Obvious points all, but you won't see many journalists raising them. For who wants to take responsibility for demolishing the last refuge of Republican partisans? Even-handedness, it seems, requires the media to permit fantasists their fantasies.


And with reality threatening every day to intrude upon the cherished fantasy, Bush's supporters have turned to the tools of passive-aggression. A classic of this type was printed today as an op-ed in the Morning Call, written by the aunt of a Pennsylvania Marine killed last month in Iraq. I'll grant you that grief affects people in unpredictable ways. Yet this is truly an obnoxious, and characteristic, attack upon the war's critics:

I am writing because I need to let the citizens of the United States know that I support our troops over in Iraq. Whether or not we agree with this war, let it be known, that our troops are fighting for the freedoms that we take for granted.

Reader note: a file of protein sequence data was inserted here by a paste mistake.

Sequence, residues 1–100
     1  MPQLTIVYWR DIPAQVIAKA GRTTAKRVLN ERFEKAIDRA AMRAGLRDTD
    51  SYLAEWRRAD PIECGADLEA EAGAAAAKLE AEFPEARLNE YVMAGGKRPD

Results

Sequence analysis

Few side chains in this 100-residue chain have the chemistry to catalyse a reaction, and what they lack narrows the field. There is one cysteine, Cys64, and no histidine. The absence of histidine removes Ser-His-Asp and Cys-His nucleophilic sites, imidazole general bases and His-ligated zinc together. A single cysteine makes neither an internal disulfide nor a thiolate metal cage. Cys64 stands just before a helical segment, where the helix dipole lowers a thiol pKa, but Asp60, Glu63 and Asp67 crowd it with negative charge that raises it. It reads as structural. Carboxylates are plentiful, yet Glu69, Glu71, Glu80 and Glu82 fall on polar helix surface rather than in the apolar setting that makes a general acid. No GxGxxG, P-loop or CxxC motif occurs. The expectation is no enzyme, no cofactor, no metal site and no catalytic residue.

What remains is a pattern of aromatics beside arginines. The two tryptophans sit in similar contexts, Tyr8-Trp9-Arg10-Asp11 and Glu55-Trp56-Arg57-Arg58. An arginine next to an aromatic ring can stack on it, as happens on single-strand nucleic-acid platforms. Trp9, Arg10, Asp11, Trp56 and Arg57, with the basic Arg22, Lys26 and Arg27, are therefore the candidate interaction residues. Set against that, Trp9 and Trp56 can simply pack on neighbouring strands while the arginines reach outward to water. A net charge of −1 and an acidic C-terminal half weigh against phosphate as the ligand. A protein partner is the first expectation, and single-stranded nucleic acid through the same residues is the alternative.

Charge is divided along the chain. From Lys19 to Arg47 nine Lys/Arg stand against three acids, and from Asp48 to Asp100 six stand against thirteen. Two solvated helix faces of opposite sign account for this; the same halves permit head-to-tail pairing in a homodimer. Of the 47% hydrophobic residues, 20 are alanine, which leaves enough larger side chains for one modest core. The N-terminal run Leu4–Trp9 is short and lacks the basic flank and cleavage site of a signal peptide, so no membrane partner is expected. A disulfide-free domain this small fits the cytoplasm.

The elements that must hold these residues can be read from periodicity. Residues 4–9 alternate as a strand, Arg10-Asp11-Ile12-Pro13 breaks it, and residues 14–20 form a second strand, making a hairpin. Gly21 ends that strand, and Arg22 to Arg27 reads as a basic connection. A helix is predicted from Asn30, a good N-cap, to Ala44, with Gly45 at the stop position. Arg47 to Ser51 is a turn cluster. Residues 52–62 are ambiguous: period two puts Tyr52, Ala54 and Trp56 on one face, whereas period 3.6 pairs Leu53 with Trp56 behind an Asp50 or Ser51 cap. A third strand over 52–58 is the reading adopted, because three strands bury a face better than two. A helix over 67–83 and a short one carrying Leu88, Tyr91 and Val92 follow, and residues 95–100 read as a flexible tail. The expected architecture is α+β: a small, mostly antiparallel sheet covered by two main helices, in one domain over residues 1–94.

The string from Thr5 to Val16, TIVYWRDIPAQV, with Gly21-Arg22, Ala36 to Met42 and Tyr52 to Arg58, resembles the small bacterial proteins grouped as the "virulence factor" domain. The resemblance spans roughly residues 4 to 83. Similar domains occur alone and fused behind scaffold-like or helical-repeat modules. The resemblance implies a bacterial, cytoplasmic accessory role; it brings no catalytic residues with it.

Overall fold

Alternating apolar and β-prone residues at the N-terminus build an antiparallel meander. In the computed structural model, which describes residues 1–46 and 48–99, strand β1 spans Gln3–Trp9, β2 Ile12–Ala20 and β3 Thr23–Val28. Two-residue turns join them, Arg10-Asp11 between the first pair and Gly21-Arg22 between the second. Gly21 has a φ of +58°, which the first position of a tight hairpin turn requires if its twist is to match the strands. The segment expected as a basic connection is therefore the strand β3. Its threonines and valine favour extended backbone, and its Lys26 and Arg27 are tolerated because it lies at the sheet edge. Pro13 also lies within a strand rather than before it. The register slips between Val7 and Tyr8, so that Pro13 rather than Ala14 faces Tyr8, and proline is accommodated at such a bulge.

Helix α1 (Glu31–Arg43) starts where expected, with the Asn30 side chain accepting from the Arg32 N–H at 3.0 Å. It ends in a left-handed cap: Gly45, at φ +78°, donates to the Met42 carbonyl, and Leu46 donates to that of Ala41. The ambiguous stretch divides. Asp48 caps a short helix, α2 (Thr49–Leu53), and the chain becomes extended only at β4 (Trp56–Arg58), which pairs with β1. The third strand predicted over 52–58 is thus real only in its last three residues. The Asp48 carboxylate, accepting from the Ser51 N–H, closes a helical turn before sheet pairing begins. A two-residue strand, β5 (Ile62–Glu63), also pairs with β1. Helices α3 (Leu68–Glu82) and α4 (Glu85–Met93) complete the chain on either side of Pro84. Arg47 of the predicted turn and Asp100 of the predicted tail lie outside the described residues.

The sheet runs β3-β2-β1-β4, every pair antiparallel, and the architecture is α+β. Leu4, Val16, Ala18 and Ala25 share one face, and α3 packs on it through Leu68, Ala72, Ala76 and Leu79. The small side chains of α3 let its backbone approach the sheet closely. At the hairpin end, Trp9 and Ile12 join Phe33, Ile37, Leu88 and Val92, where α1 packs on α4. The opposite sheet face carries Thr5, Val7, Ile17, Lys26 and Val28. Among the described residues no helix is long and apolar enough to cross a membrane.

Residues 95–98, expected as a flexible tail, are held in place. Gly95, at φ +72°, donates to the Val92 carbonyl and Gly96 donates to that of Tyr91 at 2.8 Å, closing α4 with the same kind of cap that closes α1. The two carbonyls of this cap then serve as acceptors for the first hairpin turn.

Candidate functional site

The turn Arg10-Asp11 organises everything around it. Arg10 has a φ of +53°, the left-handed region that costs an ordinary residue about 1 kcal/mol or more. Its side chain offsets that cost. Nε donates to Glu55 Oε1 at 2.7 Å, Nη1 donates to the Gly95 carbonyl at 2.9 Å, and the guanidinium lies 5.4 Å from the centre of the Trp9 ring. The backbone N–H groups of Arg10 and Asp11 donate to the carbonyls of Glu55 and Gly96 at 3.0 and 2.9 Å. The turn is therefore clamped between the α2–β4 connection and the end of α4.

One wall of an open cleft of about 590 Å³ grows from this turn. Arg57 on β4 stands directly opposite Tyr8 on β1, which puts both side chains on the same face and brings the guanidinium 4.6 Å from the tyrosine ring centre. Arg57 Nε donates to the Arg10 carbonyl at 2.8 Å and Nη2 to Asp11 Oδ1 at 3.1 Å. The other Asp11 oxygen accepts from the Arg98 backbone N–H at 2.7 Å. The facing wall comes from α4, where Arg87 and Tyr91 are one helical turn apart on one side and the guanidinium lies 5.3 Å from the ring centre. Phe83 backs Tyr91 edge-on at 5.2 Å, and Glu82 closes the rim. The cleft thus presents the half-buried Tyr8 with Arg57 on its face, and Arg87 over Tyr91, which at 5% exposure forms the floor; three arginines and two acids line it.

Twin themes, both of them false—that war critics don't "support" our troops, and that the troops are fighting in Iraq for our freedom.

They are feeling that we in America are not behind them, and I agree with them. We have people who talk against the war and do not realize our soldiers take this personally, and feel it is directed at them. If you do not agree with the war, that is your right. However, you have this right to disagree or protest because of soldiers who are fighting for that right, just as our forefathers fought for freedom.

I'm astounded to learn that my right to protest was ever in question, and even more that I have the right because of the invasion of Iraq. The only possible reason for making such absurd claims is to set up the Republican talking-point that the only acceptable way to exercise the right to criticize the government is by not exercising it.

There are Marines in Iraq that feel this way. We need to stand behind our military and put aside our feelings on this because we are lowering the morale of the soldiers. They feel alone and that no one cares. But, our soldiers do have people here who care and are willing to stand up with them and for them. Most of them do not question why they are there.